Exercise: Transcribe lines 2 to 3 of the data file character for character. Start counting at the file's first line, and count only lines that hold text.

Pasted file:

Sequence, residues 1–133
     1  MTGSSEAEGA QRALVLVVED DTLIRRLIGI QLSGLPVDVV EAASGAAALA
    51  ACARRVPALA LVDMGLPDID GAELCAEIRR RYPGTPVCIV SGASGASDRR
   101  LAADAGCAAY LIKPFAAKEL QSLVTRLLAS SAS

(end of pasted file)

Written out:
     1  MTGSSEAEGA QRALVLVVED DTLIRRLIGI QLSGLPVDVV EAASGAAALA
    51  ACARRVPALA LVDMGLPDID GAELCAEIRR RYPGTPVCIV SGASGASDRR